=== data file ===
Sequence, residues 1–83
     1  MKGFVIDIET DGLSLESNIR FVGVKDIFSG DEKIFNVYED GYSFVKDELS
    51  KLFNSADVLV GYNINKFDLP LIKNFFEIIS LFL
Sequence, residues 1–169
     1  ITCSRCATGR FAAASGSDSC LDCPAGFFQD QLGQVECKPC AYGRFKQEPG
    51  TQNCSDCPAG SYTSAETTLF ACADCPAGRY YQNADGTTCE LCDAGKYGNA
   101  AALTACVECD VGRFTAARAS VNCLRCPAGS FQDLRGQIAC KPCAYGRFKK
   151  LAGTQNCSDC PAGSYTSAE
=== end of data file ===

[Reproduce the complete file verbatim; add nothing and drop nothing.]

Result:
Sequence, residues 1–83
     1  MKGFVIDIET DGLSLESNIR FVGVKDIFSG DEKIFNVYED GYSFVKDELS
    51  KLFNSADVLV GYNINKFDLP LIKNFFEIIS LFL
Sequence, residues 1–169
     1  ITCSRCATGR FAAASGSDSC LDCPAGFFQD QLGQVECKPC AYGRFKQEPG
    51  TQNCSDCPAG SYTSAETTLF ACADCPAGRY YQNADGTTCE LCDAGKYGNA
   101  AALTACVECD VGRFTAARAS VNCLRCPAGS FQDLRGQIAC KPCAYGRFKK
   151  LAGTQNCSDC PAGSYTSAE